We can see the effects of this in a plethora of ways. One is in politics. Many people today focus their political discussions and fervor only with others who already agree with them and immediately reject ideas coming from individuals they see as too different. Just because one may disagree with another in numerous ways politically, doesn’t mean the other person doesn’t have some good points or ideas. If both parties would open their minds, they may find some common ground in places and perhaps the potential for compromise. They may also learn from each other and thus broaden their minds even further.
Another area where the consequences are seen far too often is in the social realm. It is terribly common how so many people only socialize with or date others they see as similar enough (and not too different). The result is that many people get hurt and end up feeling rejected and lonely. This is especially true for individuals whom too much of society don’t understand and end up closing their minds to. For example, many bisexual+ people find dating brutally difficult despite the fact that they can be just as faithful as anyone else. Numerous others (such as individuals who are transgender, genderfluid, genderqueer, nonbinary, asexual, and so on) have terrible challenges in trying to date because of being seen as too different. Most people automatically reject them in a kneejerk type of reaction without even trying to get to know them. The result is that far too many individuals feel isolated and alone. Plus, those who are so quick to reject them may be missing out on what could potentially have been a wonderful relationship.
These are just a few examples. People in general need to open their minds and cease being so quick to judge. They should stop being so fearful of what they don’t adequately understand and instead, work to educate themselves and broaden their horizons, for doing so would likely make the lives of themselves and others so much better.
Think about the fact that transgender women are four times more likely to be murdered than cisgender women. I mean really think about that. It’s heartbreaking, disgraceful, and a real sign that intolerance and prejudice are still far too common in today’s society.
It begs the question: why?
Why are so many people so intolerant towards others just because they are different from themselves.
People often are uncomfortable with, fear, and sometimes even hate things that are different and that they don’t understand. While some strive to overcome this by opening their minds and educating themselves, others don’t and sometimes sink further into prejudice and hate.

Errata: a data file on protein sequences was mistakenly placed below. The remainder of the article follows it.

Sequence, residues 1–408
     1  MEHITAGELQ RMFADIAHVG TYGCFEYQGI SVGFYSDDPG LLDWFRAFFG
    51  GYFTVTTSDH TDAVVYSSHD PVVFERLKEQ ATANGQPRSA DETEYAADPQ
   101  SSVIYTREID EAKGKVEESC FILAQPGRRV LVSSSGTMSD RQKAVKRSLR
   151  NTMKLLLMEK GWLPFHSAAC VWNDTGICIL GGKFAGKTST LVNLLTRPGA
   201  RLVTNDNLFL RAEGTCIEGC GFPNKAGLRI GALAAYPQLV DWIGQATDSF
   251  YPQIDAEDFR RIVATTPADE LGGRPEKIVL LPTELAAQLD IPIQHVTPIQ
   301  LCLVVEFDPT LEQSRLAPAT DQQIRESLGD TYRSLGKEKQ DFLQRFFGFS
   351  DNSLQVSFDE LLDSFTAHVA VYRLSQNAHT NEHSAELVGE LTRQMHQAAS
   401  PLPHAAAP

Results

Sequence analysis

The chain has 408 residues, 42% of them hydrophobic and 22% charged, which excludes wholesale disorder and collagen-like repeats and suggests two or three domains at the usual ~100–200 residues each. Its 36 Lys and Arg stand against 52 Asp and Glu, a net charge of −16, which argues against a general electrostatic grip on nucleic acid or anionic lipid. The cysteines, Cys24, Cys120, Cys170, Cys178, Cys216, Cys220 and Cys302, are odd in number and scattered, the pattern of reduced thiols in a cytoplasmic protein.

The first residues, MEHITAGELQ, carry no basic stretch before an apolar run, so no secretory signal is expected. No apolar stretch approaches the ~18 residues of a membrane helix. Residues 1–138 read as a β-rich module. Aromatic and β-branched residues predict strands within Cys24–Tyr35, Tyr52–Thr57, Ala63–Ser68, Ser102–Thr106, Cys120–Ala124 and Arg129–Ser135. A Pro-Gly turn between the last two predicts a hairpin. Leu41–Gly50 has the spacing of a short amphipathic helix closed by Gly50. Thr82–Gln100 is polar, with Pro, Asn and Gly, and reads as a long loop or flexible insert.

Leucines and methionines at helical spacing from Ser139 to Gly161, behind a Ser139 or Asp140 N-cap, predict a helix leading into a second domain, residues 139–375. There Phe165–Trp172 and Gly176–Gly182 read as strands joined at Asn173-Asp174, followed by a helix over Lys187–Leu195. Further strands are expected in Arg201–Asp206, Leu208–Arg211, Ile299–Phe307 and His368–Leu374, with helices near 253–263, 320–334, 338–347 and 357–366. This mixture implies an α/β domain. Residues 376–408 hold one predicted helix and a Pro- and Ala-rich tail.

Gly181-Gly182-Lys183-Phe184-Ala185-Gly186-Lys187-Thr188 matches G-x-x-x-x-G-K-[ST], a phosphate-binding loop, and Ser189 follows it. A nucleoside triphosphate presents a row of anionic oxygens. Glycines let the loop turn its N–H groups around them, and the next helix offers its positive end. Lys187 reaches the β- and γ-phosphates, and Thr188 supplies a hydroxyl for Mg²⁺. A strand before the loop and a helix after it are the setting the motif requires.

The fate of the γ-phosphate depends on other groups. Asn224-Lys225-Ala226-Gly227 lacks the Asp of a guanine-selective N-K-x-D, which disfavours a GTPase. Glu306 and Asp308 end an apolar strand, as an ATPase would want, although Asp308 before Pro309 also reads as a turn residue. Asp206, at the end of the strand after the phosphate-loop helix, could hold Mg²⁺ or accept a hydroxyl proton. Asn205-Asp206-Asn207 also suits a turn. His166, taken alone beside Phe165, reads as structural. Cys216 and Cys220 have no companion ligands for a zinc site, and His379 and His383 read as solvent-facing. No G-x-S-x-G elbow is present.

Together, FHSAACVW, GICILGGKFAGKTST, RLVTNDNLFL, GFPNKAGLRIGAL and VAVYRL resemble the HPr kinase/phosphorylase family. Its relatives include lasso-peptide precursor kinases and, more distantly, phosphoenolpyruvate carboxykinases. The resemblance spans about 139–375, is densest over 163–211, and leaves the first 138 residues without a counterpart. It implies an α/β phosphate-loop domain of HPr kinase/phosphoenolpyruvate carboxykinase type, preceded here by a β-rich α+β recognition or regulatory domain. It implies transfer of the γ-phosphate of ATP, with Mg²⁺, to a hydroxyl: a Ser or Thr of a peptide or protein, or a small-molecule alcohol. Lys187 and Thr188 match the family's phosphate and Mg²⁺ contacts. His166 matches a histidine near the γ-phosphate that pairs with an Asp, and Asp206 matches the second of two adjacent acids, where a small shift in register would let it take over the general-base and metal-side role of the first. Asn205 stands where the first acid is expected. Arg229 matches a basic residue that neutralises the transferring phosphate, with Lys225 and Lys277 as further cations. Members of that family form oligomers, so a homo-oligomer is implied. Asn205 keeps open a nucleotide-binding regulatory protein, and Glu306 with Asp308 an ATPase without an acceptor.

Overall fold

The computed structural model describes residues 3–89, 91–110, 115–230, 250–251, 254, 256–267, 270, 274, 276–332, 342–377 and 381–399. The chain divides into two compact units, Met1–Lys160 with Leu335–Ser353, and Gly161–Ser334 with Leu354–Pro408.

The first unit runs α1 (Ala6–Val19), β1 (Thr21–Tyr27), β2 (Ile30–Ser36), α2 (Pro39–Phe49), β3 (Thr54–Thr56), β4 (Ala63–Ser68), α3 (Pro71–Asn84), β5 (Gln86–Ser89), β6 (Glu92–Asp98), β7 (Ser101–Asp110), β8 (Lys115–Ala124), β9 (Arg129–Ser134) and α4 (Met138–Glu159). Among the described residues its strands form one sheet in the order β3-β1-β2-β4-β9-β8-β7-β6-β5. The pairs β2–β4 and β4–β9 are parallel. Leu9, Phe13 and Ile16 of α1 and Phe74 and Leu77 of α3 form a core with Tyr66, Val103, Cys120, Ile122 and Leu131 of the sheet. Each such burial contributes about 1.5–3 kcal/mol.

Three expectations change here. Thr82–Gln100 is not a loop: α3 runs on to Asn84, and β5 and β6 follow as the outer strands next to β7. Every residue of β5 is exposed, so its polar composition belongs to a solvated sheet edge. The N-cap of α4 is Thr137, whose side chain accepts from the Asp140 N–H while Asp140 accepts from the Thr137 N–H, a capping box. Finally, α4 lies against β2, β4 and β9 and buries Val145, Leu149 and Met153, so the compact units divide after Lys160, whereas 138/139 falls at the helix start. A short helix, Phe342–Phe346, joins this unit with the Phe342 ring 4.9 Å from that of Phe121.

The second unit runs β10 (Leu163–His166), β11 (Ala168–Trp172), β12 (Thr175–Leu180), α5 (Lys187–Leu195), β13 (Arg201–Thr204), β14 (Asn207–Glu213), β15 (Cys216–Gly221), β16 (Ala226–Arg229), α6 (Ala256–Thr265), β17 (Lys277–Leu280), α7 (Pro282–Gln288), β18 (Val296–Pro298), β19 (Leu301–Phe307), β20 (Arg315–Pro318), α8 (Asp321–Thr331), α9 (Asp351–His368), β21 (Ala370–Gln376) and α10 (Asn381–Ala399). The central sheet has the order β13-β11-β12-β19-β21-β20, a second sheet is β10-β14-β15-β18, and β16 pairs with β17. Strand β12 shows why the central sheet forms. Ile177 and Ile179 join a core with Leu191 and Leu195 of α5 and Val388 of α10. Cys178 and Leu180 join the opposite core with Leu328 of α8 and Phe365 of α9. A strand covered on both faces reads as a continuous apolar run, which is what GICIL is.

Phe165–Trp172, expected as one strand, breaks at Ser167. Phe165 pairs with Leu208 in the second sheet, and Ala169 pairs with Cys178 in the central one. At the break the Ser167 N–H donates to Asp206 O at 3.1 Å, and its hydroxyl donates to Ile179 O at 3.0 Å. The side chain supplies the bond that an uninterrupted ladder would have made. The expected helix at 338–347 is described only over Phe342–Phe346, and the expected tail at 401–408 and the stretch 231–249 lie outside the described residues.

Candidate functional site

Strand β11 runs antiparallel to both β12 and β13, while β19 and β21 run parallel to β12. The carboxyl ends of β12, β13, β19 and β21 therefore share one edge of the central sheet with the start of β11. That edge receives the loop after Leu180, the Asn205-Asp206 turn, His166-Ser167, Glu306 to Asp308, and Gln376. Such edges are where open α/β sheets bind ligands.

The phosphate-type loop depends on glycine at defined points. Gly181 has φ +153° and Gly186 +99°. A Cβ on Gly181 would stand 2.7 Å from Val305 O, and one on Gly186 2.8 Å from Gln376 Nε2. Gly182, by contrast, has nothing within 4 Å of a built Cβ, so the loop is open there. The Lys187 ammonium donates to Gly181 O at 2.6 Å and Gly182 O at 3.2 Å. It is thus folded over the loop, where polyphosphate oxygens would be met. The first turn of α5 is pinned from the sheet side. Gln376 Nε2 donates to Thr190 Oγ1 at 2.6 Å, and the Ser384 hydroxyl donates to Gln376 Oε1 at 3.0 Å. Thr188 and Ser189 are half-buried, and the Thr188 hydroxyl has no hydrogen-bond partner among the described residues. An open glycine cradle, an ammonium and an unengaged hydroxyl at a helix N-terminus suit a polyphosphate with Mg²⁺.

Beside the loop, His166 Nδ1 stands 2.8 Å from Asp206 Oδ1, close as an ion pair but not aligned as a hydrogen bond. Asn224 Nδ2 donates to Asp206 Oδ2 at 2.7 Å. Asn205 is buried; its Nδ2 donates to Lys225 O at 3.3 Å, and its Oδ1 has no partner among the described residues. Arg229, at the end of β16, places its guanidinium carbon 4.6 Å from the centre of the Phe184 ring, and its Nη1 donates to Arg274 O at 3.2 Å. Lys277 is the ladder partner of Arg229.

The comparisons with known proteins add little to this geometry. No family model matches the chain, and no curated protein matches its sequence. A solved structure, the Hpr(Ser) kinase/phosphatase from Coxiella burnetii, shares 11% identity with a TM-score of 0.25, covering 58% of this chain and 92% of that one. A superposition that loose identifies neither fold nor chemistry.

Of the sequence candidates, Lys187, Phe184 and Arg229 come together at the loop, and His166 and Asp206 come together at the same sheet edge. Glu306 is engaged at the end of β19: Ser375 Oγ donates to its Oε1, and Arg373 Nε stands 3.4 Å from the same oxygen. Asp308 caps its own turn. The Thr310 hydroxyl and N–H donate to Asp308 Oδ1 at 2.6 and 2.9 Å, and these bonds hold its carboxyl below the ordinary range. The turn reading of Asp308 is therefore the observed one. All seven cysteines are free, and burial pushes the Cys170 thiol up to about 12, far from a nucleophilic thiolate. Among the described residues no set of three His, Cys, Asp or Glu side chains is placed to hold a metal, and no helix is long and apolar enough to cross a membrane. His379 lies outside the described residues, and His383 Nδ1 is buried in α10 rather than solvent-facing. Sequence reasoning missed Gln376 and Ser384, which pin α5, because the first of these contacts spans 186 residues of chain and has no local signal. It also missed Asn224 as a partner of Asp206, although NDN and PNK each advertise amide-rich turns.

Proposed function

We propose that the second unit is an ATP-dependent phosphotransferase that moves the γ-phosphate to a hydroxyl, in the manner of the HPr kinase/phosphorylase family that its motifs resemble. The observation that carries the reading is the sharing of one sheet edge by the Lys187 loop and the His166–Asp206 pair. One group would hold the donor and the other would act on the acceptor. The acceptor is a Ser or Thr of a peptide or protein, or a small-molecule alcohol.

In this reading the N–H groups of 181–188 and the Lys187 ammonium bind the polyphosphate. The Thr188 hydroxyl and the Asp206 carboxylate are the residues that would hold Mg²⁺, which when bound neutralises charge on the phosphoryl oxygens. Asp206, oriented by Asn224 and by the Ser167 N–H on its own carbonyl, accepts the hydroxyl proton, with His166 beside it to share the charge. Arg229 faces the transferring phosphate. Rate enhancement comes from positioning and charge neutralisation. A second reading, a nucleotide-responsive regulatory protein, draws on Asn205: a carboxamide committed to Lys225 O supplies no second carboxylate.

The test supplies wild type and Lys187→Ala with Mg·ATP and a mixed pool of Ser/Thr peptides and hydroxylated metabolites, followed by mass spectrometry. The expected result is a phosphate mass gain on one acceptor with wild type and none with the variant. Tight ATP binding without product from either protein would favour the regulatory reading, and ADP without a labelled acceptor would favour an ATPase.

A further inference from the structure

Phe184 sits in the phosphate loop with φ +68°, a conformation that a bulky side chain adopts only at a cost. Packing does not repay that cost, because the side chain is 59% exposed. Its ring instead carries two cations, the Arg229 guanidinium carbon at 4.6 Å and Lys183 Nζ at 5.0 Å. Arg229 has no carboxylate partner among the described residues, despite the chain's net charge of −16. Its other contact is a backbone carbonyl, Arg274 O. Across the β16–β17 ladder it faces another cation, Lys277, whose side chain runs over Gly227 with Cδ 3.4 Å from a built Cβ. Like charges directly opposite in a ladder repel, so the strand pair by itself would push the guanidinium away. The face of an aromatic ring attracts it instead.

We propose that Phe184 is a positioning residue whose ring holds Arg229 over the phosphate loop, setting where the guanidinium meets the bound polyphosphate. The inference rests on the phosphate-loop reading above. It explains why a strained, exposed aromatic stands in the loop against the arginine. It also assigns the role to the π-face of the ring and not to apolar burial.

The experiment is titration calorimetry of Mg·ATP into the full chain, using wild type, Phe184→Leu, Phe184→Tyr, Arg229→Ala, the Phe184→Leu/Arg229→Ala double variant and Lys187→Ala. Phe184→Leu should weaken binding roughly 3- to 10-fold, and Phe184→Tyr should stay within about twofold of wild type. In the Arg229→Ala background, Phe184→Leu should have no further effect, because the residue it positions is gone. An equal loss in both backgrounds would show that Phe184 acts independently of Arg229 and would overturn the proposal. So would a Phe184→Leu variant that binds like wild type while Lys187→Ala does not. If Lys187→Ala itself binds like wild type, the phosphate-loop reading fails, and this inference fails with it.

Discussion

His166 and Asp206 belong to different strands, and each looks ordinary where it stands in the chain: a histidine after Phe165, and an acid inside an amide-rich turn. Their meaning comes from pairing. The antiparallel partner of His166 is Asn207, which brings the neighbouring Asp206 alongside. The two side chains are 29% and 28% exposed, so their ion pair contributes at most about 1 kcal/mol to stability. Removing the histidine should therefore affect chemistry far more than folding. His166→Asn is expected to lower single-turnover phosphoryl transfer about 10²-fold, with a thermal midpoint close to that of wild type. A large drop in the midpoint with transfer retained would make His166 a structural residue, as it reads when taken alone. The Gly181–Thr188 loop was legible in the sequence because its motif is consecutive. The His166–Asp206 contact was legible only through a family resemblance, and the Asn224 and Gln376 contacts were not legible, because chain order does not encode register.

The current state of affairs needs to change. People should open their minds and educate themselves. They also need to stop automatically believing stereotypes that are frequently untrue. So I’m going to use this piece to try to educate people on some terms and ideas that many in today’s society don’t have a good grasp on. And I’m going to be clear about the fact that I am queer myself having a fluid sexuality (bisexual+) and a fluid gender (genderfluid).
A transgender person is an individual who identifies as a different gender than the physical body the person was born with. For example: a transgender woman was born physically male but identifies as a woman. Transitioning is the process of trying to get her physical body to match how she identifies. A non-binary person is someone who doesn’t identify as either male or female. They don’t relate with the traditional male/female binary. A genderfluid individual is someone whose gender identity is fluid (a mixture of male, female, and in between); how much they feel one way as compared to others can fluctuate. Thus, the fluid aspect of the term. Genderqueer refers to individuals who don’t subscribe (either fully or in part) to the traditional gender binary. Bisexuality refers to the potential to be attracted to more than one gender (male, female, non-binary, etc) while pansexuality is attraction to someone regardless of that person’s gender (like gender doesn’t matter in a way). Bisexual+ (bi+) is an umbrella term used to describe anyone who can be attracted to more than one gender (or regardless of gender), whatever term(s) they prefer (bisexual, pansexual, fluid, etc). Queer is essentially a catch-all word referring to anyone who is LGBTQ+. Clearly, there is overlap and interconnection with some of these terms, and many people will use more than one to describe themselves.